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What Could Stop the War
Also published in CNN
If the Ukrainians can hold out long enough to force serious negotiations, Washington must remind both parties that they will need to make several specific—and bitter—concessions.
As Russian leader Vladimir Putin continues his vicious bombardment of Ukraine’s cities and people, it may seem premature to consider what a negotiated solution—an exit strategy—for the invasion might look like. But as former ambassadors who have worked extensively in the region, we believe finding a way to end the war and stop the bloodshed is necessary and will require negotiation.
That reality is clearly appreciated by Ukrainian President Volodymyr Zelensky, who has sought genuine negotiations, even asking the Israelis to mediate. Putin has consented to talks, but still seems more interested in decapitating the Ukrainian government than in negotiating with it. Nonetheless, it is not too early to think about what the contours of an eventual negotiated outcome could be.
Of course, the viability of any solution will depend on the course of the war in the days and weeks ahead. As of this writing, indications are the Putin-led effort is still hellbent on toppling the democratically elected government in Kyiv and replacing it with a Kremlin-friendly puppet regime whose strings can be pulled from Moscow. With missiles shattering buildings and killing civilians in Kharkiv, Mariupol and Kyiv, and Russia’s foreign minister continuing to warn of further escalation, there is little reason for hope in an immediate reduction in hostilities.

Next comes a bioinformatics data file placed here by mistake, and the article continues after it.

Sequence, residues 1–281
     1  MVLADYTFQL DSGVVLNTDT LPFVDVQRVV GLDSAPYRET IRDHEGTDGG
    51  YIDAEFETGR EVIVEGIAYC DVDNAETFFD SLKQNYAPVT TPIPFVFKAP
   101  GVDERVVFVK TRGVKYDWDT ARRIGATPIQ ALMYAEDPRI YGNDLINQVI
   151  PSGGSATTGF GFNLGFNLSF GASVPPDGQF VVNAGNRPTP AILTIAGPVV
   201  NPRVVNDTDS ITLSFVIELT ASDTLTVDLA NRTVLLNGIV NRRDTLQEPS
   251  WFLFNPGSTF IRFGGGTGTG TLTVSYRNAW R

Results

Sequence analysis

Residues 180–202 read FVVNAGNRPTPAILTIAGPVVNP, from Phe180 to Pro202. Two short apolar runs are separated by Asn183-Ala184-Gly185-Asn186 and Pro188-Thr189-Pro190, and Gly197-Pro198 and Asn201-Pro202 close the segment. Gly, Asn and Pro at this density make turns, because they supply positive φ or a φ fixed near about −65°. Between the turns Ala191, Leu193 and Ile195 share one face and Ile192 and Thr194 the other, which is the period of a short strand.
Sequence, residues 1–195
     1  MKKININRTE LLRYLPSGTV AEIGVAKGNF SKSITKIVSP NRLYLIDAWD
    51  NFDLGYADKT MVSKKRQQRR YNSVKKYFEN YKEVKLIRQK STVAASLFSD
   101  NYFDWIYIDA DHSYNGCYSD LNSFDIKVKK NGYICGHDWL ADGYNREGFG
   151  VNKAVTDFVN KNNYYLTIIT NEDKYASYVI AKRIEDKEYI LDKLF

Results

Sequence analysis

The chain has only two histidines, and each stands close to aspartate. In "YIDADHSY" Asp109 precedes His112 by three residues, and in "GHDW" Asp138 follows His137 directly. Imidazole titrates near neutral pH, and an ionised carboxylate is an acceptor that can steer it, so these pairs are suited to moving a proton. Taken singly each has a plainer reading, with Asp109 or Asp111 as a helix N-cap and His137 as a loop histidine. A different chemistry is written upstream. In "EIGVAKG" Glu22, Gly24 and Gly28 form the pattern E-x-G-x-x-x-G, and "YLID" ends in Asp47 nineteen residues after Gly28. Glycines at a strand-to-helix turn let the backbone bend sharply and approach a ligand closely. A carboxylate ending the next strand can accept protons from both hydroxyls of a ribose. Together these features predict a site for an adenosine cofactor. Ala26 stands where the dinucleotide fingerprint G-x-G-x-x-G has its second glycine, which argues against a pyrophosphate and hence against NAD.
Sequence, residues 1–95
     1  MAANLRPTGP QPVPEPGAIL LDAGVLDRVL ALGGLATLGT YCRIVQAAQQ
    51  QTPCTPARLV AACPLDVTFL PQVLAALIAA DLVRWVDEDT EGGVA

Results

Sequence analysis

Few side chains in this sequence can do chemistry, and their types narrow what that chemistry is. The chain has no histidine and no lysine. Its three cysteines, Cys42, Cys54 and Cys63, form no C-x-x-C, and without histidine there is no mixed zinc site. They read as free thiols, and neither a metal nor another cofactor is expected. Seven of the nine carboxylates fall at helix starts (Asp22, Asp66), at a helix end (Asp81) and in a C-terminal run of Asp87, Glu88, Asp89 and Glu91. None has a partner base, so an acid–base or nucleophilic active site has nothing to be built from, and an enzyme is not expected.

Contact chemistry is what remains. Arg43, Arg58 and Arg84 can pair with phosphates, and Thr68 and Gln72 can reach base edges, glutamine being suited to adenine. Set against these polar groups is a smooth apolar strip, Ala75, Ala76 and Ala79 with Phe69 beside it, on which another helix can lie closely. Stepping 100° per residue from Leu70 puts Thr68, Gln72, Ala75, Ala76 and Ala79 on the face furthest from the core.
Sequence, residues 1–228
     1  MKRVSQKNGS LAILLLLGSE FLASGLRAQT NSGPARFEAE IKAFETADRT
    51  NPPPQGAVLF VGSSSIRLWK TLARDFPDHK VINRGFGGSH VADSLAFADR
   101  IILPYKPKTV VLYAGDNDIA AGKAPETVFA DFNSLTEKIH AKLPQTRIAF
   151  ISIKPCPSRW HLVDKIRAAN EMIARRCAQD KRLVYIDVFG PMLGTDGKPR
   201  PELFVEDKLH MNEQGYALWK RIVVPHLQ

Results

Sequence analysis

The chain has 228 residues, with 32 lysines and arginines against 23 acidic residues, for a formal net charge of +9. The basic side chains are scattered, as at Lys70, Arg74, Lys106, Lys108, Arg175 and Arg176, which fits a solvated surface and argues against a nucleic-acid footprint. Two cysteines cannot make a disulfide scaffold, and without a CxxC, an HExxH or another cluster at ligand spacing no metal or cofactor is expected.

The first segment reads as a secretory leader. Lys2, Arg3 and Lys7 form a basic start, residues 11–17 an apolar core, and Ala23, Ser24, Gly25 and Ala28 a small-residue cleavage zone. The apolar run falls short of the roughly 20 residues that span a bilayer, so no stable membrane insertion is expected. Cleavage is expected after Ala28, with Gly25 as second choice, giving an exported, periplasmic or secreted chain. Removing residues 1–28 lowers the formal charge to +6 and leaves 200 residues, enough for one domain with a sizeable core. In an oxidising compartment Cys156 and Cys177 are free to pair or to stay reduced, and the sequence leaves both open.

But given the devastating effects of the West’s economic countermeasures, which accelerate by the day, and the costs the Ukrainians have inflicted on the Russian military, Putin may well need to look for a way out if the Ukrainians are able to hold on for the next few weeks. Indeed, over that time, the financial pressures, Russian fatalities and domestic disturbances may become so painful Putin will seek an exit path.
In that scenario, any serious steps toward a negotiated solution would still be some distance away, and would be heavily shaped by the invasion’s outcome. If the war fails to deliver Russia a decisive victory, Ukraine may come to the negotiating table with greater advantages.
Indeed, even if the war and Ukrainian resistance drag on for longer, indefinite Russian occupation or a frozen conflict throughout the country are not sustainable paths forward for the Russians or the Ukrainians. Similarly, the Russian economy will likely not survive under the perpetual weight of current and future sanctions. Something must give.
The first round of talks between the two sides produced little beyond a tentative plan for further negotiations, the second round of which is set for Thursday in Belarus. We have little hope any real progress will be made; Putin seems clearly not ready for it and probably believes if he cannot remove the regime, he needs to intensify the pain to force concessions.